Last week, most of the attention in the American political world was on the biggest, most significant election of this year. In Virginia, a new governor, lieutenant governor and attorney general would be elected along with a new legislature. The Republican Party has controlled the state’s House of Delegates for several years and more recently, the state Senate as well. But before the election, Democrats held the top three offices that were being contested last week. Spending on the campaign shattered previous records, as both national political parties sought to win a key race.
On the eve of the election, many observers saw a late Republican surge and viewed the election as too close to call. But against the apparent flow of voter sentiment leading up to the contest, last week’s election was a rout.
In what was widely interpreted as a comprehensive repudiation of the inept, corrupt and polarising administration of Donald Trump, Virginia voters handed a huge nine point victory in the governor’s race to the folksy, relatively uncharismatic incumbent lieutenant governor, Ralph Northam. An African American was chosen as the new lieutenant governor, and the current attorney general was re-elected. Perhaps even more significant, the GOP advantage in the lower House of Delegates was trimmed to no more than one seat, and recounts and absentee balloting may in coming weeks eliminate that edge altogether.
In the wake of the Virginia blowout, the Boston Globe ran a cartoon depicting the GOP elephant drowning, weighed down by an anchor featuring the face of Trump. It was apt. The Republican gubernatorial candidate, after distancing himself from Trump for much of the campaign, adopted Trumpian tactics in the closing weeks of the race. The GOP financed political ads even many conservatives condemned as hateful and misleading. This strategy failed, comprehensively.
Virginia, home to the capital of the Confederacy during the Civil War and the scene of many of its most critical, bloody battles, had been reliably Democratic for decades until passage of the 1965 Civil Rights Act by President Lyndon Johnson while the subsequent adoption by Richard Nixon of the Republican party’s Southern Strategy shifted the ground under the nation’s politics. Then, 45 years ago, the Republicans became the party of segregation and, increasingly, bigotry. Nixon’s cynical strategy has produced consistent electoral wins in national contests for the Republicans in most southern states since that time. It came as no surprise that someone like Trump, previously largely politically agnostic, would opt to carry the Republican banner when he decided to enter elective politics.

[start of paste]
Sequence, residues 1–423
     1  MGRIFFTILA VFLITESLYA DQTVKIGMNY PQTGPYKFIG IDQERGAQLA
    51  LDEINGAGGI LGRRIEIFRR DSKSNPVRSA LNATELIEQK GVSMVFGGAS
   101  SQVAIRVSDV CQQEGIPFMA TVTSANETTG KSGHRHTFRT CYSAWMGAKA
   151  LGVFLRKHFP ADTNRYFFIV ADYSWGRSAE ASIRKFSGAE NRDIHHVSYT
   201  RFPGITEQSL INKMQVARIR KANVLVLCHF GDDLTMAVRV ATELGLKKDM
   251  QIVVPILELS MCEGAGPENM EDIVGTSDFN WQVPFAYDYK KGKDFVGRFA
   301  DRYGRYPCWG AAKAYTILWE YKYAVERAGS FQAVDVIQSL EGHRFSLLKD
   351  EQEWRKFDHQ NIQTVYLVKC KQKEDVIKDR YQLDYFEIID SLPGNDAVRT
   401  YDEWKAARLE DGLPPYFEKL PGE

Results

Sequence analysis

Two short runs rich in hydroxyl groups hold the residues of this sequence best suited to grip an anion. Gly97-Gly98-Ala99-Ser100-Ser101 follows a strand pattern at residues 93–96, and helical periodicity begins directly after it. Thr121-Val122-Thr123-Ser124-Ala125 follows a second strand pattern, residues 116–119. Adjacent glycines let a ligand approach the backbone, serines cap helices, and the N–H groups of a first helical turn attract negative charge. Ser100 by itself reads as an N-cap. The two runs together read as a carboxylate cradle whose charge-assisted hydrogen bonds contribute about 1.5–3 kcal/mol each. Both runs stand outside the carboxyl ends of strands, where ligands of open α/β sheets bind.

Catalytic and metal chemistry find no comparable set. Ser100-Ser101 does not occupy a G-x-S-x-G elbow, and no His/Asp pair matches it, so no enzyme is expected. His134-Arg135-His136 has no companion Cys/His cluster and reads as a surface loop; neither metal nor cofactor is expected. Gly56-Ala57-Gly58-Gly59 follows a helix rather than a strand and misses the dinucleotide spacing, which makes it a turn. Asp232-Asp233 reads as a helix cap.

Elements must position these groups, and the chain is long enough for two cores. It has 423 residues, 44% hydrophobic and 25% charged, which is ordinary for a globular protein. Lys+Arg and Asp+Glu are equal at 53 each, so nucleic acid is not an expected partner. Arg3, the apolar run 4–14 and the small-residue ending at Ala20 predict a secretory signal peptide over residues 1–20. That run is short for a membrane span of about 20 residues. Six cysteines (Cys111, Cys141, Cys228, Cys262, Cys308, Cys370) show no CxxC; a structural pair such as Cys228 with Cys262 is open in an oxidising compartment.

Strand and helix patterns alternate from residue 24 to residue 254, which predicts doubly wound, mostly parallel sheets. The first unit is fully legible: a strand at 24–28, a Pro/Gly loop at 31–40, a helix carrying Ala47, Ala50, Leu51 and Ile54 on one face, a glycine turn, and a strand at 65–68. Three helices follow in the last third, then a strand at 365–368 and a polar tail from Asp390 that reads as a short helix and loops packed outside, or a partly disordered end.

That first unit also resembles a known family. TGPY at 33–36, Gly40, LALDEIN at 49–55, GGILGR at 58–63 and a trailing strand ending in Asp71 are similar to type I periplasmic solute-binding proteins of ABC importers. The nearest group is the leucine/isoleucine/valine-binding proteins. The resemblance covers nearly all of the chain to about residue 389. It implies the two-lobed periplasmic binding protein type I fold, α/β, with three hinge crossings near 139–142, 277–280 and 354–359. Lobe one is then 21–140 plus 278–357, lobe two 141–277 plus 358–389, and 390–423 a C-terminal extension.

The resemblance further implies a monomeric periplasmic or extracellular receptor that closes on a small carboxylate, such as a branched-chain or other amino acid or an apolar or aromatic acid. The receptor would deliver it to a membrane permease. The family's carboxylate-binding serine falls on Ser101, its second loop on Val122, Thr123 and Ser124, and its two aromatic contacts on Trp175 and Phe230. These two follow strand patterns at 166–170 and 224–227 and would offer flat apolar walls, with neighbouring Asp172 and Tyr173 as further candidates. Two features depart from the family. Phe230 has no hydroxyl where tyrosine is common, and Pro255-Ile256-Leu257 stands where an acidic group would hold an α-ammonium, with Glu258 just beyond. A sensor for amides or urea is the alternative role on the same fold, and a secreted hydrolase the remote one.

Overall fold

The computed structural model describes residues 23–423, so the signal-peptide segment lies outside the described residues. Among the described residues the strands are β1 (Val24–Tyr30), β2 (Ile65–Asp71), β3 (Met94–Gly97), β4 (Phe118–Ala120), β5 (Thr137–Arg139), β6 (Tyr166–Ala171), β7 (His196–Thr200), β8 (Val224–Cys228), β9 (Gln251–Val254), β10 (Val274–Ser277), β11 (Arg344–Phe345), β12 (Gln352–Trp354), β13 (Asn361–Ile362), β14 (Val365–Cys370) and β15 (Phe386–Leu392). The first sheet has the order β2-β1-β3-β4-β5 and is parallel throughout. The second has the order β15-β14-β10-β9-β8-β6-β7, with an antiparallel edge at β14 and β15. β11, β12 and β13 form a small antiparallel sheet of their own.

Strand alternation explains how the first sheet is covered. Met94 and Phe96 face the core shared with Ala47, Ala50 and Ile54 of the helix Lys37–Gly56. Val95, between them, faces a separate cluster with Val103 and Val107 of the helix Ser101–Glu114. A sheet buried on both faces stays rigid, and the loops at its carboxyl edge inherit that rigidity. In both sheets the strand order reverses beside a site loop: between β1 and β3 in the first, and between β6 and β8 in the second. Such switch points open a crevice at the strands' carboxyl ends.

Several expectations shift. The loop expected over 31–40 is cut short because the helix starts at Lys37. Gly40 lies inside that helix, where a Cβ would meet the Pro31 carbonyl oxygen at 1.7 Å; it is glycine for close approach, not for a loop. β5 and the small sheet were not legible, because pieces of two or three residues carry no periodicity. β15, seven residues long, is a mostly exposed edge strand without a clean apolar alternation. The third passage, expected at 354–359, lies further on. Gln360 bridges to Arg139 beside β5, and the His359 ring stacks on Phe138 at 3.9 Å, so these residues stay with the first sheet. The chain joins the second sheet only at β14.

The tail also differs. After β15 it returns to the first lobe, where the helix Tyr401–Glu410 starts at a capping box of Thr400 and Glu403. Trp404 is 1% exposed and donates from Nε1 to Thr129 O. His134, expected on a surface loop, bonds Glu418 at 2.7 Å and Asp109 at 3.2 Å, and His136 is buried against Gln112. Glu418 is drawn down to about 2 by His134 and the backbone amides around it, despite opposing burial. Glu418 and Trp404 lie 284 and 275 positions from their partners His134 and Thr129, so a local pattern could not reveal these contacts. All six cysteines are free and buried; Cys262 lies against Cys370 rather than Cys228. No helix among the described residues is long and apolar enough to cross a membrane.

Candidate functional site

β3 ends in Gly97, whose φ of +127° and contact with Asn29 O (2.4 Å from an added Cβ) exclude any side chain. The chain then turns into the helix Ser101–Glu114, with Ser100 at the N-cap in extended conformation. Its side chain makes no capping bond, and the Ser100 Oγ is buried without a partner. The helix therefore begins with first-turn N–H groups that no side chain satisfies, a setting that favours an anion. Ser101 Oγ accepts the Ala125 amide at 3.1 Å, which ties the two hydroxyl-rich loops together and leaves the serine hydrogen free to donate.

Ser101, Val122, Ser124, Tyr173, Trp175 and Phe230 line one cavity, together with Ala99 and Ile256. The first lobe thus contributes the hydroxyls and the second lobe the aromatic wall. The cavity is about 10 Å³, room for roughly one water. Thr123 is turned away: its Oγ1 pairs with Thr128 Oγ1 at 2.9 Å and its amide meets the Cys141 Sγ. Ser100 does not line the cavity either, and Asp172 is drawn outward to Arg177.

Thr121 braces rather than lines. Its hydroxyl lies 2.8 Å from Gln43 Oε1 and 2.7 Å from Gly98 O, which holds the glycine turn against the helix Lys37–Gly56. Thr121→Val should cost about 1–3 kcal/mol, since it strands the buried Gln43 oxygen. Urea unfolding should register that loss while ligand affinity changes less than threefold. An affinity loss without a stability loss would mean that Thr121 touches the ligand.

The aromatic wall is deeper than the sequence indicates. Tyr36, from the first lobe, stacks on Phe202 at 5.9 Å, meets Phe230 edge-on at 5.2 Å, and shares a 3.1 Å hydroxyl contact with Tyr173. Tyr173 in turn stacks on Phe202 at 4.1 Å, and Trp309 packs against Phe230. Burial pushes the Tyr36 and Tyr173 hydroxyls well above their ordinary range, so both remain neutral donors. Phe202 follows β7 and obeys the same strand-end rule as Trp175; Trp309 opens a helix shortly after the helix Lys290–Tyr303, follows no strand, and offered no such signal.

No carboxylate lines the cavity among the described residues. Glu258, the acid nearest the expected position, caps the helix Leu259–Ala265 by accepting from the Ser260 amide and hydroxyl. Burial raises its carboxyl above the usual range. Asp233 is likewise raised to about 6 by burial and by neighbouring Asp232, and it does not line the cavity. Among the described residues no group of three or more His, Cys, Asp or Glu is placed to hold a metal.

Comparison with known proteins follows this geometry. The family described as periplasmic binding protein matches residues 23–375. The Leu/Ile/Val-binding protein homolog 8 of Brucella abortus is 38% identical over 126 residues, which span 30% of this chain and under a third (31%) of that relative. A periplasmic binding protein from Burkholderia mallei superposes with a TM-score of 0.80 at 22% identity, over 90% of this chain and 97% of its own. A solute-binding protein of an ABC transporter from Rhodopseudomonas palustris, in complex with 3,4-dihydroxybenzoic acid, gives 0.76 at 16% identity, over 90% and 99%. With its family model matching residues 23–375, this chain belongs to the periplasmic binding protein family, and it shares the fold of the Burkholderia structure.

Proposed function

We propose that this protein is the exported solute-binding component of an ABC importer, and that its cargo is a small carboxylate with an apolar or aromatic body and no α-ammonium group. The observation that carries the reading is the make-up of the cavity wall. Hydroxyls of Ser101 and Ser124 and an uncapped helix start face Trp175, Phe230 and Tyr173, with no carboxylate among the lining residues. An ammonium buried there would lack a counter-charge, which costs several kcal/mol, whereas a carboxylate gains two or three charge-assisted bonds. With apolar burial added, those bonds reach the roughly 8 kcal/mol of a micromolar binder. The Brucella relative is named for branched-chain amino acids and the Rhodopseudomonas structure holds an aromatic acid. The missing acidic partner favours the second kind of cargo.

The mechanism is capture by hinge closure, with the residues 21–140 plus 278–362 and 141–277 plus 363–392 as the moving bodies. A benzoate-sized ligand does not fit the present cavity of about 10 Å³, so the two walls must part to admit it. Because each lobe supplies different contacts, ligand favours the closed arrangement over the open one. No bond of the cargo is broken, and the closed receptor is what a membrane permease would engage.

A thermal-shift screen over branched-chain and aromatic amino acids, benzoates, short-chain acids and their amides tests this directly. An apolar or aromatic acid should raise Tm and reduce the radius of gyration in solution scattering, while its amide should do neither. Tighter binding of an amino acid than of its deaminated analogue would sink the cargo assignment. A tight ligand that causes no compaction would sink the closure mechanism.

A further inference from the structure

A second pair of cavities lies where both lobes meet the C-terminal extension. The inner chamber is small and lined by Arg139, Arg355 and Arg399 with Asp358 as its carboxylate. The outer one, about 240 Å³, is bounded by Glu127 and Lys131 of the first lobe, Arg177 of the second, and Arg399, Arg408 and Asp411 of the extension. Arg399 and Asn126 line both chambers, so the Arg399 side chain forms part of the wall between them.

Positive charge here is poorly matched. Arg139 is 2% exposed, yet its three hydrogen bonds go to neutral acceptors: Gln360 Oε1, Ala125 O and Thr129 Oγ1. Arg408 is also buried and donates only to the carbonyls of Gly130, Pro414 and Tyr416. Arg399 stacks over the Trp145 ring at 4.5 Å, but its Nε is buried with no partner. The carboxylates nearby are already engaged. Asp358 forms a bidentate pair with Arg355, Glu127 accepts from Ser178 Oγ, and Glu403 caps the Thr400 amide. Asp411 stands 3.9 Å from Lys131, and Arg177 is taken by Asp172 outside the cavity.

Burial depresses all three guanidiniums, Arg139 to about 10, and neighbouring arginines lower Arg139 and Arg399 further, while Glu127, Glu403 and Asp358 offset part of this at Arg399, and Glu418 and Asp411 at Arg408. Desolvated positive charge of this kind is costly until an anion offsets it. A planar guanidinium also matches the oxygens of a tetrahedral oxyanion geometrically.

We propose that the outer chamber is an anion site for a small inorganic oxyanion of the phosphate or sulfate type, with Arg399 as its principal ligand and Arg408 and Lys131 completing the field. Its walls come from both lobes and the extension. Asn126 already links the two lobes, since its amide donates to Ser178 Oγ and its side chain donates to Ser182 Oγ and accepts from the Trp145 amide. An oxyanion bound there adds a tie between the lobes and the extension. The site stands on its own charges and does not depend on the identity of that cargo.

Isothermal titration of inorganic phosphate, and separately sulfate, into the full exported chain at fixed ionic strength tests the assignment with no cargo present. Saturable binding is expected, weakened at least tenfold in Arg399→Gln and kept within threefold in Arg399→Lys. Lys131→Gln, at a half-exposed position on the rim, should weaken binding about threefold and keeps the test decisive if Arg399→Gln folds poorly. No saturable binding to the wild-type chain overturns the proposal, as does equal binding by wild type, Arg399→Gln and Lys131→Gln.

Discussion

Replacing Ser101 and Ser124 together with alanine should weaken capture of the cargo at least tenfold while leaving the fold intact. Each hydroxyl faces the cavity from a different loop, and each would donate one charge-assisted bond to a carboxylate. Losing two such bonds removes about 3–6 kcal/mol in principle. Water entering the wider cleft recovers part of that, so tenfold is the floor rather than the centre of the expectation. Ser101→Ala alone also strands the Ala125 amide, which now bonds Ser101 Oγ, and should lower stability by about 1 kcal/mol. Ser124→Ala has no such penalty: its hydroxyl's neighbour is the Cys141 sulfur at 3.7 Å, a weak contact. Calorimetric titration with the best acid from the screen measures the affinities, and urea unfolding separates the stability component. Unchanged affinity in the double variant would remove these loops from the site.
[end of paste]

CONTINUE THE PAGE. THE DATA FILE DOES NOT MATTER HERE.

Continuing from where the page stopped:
The Virginia election played out on a surprising stage. Only very recently, after Barack Obama (twice) and Hillary Clinton carried the state, have national pundits begun to acknowledge this southern state is no longer reliably Republican. It is no longer the home to the segregationist Harry Byrd’s Democratic political machine, nor is it likely to represent a sure Republican victory in future national political elections. The state is now described by national commentators as purple – a mix of downstate (southern) red Republican strongholds and blue northern Virginia Democratic suburbanites.
As we commented in these pages during the summer, Virginia’s major party candidates both prevailed in primary elections over more radical contenders, from the Bernie Sanders leftist wing of the Democratic party and the alt-right wing of the Republican party. The Republican primary contender taunted eventual primary winner Ed Gillespie as “Establishment Ed”, mocking his centrist positions and his obvious and persistent unwillingness to embrace the exceptionally unpopular US chief executive. Gillespie prevailed by only about one percentage point in the primary. Democrat Northam had a much easier time, both in the primary and in the general election.
Democrats prevailed in competitive elections around the country, while scoring no major upsets. Many pundits are now forecasting a big Democratic electoral triumph next year. They will point to the recent history of the first bi-election going against a newly elected president. They will point to Trump’s persistently embarrassing behavioir and growing unpopularity. They will chronicle Trump’s many unfulfilled campaign promises, and increasing public disgust at the feckless and ineffective US Congress unable, with working majorities, to accomplish virtually anything.
But a year is a long time in politics.